Prosecutors Investigating Bias in Clementi Case

[Trigger warning for sexual assault, homophobia, and suicide.]

Prosecutors are investigating "whether additional charges, including bias, may be brought against two Rutgers University students accused of invading the privacy of fellow student Tyler Clementi," the young man who took his own life after his roommate filmed and broadcast a private sexual encounter without his consent.
"The initial focus of this investigation has been to determine who was responsible for remotely activating the camera in the dormitory room of the student and then transmitting the encounter on the Internet," Middlesex County Prosecutor Bruce J. Kaplan said.

"Now that two individuals have been charged with invasion of privacy, we will be making every effort to assess whether bias played a role in the incident, and, if so, we will bring appropriate charges," Kaplan said in a statement.

Under New Jersey law, a person is guilty of bias intimidation if he or she commits a crime with the purpose of intimidating someone because of race, color, religion, gender, disability, sexual orientation, gender identity, national origin or ethnicity; or if the victim or victim's property was selected as a target because of the same factors.
Intent is difficult to prove, and, while I think Dharun Ravi's tweet about his electronic spying—"I saw him making out with a dude. Yay."—is pretty obviously homophobic, I'm not sure it's going to meet the threshold for a bias charge. Still, it's reassuring to know that the possibility is being considered and thoroughly investigated.

In less good news, there's still a lot of "but they're so nice" stuff, in reference the two people charged with invading Clementi's privacy, being inserted into news articles.
But Raj Ardeshna, 17, a senior at West Windsor-Plainsboro High School North in Plainsboro, N.J., and a former classmate of both defendants, told CNN that the two were "terrific people."

"To know that two intelligent kids could get caught up in something like this is shocking to me," Ardeshna said. "The only rationale I've been able to come up with is that they thought they were being funny -- but I really couldn't tell you.

"Without a doubt they must both be filled with regret and are distraught over what happened to Tyler, and as cliched as it sounds -- they are both good people," Ardeshna said. "And they just turned 18 and they just went to college, and everyone slips up without understanding the consequences."

Kirbi Marquez, a Rutgers student and a classmate of Ravi and Wei in high school, told CNN "had they known the consequences of their actions, they would not have considered doing this."

"I'm sure they're bearing the guilt, they're both sympathetic people and good kids and they didn't mean for any of this to happen," said Marquez.

Why it's considered newsworthy that friends of people who did something terrible think they're "good people" is beyond me.

Meanwhile, I continue to *rage*seethe*boil* at the lack of discussion in major media about how Clementi's suicide would have been entirely preventable if we didn't live in a fucked-up culture in which it's considered a "fun prank" to film someone else's sexual activity without hir consent.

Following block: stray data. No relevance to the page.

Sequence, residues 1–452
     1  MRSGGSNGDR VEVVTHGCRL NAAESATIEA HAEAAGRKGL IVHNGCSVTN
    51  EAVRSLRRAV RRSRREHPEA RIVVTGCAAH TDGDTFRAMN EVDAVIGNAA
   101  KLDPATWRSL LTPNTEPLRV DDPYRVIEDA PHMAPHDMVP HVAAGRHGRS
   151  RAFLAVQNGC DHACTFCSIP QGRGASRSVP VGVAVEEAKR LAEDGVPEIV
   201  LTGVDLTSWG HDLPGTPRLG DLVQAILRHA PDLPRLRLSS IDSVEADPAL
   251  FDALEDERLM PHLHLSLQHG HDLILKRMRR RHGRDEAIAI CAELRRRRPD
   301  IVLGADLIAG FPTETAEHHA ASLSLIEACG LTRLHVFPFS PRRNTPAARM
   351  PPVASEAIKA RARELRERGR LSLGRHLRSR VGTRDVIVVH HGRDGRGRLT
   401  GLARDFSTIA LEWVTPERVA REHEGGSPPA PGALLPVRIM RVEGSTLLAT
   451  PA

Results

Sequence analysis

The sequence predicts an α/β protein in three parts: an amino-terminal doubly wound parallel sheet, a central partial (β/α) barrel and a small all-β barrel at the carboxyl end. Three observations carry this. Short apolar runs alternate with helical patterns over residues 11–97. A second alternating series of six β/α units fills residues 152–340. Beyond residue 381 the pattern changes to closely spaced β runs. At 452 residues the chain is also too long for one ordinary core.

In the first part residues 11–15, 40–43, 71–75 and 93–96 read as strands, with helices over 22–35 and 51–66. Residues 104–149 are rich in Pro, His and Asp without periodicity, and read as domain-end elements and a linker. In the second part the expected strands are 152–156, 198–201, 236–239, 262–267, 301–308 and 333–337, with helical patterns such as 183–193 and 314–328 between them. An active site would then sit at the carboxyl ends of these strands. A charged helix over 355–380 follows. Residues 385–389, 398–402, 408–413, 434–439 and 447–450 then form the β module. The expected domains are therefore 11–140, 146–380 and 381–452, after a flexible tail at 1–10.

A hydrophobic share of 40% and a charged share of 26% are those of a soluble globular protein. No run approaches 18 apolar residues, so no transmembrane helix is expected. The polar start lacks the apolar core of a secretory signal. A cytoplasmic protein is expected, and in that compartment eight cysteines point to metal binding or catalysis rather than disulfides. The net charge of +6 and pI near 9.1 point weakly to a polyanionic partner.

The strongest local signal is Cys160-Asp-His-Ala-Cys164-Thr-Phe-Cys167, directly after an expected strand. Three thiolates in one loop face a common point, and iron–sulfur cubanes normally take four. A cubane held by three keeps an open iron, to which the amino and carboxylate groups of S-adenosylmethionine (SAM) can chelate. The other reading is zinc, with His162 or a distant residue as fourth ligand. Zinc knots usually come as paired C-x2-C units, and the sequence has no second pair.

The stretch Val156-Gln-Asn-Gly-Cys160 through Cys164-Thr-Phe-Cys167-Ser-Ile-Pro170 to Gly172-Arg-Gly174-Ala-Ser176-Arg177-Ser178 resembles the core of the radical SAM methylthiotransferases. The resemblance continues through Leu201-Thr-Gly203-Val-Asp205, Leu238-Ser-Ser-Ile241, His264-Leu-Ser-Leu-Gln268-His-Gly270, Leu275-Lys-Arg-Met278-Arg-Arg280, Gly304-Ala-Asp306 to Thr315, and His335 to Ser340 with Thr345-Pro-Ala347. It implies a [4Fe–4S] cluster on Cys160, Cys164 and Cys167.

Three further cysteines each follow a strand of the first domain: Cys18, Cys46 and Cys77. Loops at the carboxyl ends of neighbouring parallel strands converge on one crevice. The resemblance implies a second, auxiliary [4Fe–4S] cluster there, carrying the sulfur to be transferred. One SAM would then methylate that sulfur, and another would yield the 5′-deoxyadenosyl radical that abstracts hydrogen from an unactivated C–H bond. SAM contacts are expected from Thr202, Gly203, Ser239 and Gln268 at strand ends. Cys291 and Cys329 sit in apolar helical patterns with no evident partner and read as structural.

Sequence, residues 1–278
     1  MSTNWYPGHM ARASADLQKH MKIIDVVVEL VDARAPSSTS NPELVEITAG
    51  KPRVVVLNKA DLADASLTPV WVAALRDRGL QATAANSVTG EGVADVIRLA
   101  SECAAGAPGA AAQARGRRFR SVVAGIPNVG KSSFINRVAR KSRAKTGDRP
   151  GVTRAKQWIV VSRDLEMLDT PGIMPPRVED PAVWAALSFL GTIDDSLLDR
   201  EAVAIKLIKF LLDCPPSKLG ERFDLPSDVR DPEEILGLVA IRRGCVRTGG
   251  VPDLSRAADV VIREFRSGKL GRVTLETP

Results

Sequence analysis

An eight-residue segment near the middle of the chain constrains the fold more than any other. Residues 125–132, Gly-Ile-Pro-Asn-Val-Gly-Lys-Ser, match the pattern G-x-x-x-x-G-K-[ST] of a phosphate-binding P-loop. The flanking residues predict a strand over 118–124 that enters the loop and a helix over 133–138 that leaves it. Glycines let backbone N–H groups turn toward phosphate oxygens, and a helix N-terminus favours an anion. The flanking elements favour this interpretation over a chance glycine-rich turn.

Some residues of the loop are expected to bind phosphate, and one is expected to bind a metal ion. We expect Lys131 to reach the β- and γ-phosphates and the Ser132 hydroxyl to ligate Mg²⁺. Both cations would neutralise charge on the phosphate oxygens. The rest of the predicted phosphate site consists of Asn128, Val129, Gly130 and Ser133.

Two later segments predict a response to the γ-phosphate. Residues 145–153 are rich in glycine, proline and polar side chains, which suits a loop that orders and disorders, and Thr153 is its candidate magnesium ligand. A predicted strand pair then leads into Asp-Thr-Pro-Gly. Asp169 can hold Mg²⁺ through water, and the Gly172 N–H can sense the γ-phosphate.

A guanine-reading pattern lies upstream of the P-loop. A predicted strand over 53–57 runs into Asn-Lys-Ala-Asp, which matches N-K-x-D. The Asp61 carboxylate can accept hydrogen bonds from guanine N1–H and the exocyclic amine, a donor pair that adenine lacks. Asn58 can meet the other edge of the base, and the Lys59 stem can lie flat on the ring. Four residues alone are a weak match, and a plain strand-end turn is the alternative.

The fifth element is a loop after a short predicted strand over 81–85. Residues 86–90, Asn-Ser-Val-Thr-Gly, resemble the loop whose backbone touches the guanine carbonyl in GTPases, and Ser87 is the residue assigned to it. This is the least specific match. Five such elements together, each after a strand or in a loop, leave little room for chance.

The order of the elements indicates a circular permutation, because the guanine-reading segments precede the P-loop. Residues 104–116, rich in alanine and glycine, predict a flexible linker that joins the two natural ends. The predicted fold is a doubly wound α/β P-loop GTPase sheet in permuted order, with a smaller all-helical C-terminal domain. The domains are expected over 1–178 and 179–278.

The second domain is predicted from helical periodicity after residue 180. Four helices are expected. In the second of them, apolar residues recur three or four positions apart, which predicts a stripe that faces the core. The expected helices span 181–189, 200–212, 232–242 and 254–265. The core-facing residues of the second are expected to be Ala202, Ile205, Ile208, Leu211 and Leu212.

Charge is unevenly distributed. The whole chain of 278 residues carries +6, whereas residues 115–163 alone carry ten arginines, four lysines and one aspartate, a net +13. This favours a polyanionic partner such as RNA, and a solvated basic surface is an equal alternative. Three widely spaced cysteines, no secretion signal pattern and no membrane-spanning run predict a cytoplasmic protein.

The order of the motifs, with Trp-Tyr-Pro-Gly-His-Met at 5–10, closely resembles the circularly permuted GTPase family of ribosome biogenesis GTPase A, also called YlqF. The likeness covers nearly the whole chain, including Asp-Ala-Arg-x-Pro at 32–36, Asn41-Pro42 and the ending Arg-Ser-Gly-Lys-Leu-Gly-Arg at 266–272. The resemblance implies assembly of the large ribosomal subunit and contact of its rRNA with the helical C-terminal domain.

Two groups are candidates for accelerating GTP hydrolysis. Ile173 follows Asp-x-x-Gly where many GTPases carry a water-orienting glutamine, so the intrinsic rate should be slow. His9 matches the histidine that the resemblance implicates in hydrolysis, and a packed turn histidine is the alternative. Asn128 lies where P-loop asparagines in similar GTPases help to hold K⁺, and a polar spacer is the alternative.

Where larger context is being discussed, the scenario is frequently being misrepresented as "cyberbullying," but this case does not appear to be about two people who set out to hurt another person with malicious intent; it appears to be about internalized biases making them regard evidence of homosexuality as "funny" and socialized indifference to consent making them regard broadcasting that evidence as acceptable.

Institutional homophobia meets the rape culture.

Too many people will read that line and feel inclined to argue that they see proof of neither homophobia nor the rape culture in this case, which underlines exactly why both are important to publicly explore. Just as the rape culture does not exclusively manifest as demonstrable sexual violence, homophobia does not exclusively manifest as physical violence against queer people, or even expressed hostility toward queer people.

It's eminently possible that Ravi and/or Wei even expressed support for LGBTQI peers, and, in the abstract, meant it. But when faced with the knowledge that he was going to be living with a gay man, Ravi reportedly tweeted: "Found out my roommate is gay?" and then secretly filmed Clementi and broadcast it, making note that he "saw him making out with a dude." Ravi may well have been not homophobic in theory, but in actual practice, he appears to have had issues with his gay roommate.

That's not the kind of thing for which we should be trying to find excuses, despite what nearly every comment thread in the world on this story suggests to the contrary. That's the kind of thing we need to call out for what it is, and not hide behind quotes from friends about what "good kids" Ravi and Wei are.

Good kids can do terrible things.

Frankly, given how comprehensively our culture is steeped in virulent homophobia (and other biases) and antipathy to consent, it's shameful that we act surprised when they do.

Shakesville is run as a safe space. First-time commenters: Please read Shakesville's Commenting Policy and Feminism 101 Section before commenting. We also do lots of in-thread moderation, so we ask that everyone read the entirety of any thread before commenting, to ensure compliance with any in-thread moderation. Thank you.

blog comments powered by Disqus